A day after D.C. Public Schools’ embattled food vendor notified city officials that it wants to withdraw from its contract, attorneys for D.C. schools told Chartwells-Thompson Hospitality that it must continue serving D.C. students in the coming year.
“As you know, DCPS has a unilateral option to renew the contract for 2015-2016,” said a letter sent Wednesday and signed by D. Scott Barash, the school system’s general counsel.
The letter cited contract language that permits the school system to extend the contract for four one-year periods, so long as it gives the vendor enough notice and the vendor accepts the offer — conditions that Barash said were met.
With the D.C. Council’s approval of the contract, which became official Tuesday, the school system intends to carry out the terms of the contract, the letter said.
“At this time we expect Chartwells to continue to perform under the terms of our contract and look forward to Chartwells continuing to serve the students of the District of Columbia,” it said.
On Tuesday Chartwells School Dining Services notified the D.C. Council and Chancellor Kaya Henderson that the company wants to withdraw from its contract as soon as the fall, but she said the company would stay on for as long as it takes to find another vendor.
Late Wednesday, Rhonna Cass, the company’s president, issued a statement: “We have consistently stated that we are committed to the students of DCPS and if DCPS wants us to continue to operate and we can do so in a positive environment, then of course we will continue to operate. However, having gone on record that they will look for a new provider for the 2016-17 school year, we think it would be in everyone’s best interest for DCPS to go ahead and start the process early. That said, we have communicated that we will operate until DCPS is ready to transition, and we will honor that commitment.”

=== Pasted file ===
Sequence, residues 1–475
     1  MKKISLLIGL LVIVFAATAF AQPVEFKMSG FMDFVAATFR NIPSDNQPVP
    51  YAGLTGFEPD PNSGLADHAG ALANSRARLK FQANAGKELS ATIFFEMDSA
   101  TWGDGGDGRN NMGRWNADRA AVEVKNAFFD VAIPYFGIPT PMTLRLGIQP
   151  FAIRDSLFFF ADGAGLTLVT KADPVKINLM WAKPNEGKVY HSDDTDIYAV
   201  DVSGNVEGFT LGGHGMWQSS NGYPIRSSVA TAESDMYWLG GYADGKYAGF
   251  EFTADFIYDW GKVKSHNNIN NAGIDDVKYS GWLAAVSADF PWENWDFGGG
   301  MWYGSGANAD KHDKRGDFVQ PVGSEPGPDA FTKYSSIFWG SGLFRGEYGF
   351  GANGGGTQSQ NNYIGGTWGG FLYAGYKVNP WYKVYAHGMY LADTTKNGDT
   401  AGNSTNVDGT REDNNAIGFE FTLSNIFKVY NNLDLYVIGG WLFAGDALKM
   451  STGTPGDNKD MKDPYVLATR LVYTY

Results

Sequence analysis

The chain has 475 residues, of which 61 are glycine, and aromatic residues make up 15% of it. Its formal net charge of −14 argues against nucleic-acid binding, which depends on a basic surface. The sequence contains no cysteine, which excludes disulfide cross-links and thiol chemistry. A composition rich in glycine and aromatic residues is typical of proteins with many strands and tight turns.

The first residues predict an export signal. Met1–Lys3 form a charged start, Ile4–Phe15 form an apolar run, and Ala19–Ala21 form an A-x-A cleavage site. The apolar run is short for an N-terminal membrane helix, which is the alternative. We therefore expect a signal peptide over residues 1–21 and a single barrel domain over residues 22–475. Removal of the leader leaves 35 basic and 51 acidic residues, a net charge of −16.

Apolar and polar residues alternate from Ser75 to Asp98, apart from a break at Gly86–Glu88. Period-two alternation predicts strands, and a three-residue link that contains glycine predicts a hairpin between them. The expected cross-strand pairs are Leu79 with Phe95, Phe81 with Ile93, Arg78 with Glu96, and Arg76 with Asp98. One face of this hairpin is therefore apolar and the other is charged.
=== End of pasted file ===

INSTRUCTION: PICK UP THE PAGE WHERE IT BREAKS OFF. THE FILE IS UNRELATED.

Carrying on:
The company’s move shocked city officials and had many scrambling to figure out how they could secure food service for tens of thousands of students on short notice.
Chartwells’s announcement followed weeks of public scrutiny after a large whistleblower settlement was announced last month.
Chartwells agreed to pay $19 million to settle allegations of financial mismanagement and overcharging. It did not admit wrongdoing in the case.
Since then, the city’s inspector general launched an investigation, and some council members delayed approval of the coming year’s contract and negotiated with Henderson to begin looking for another food vendor in time for the 2016-2017 school year.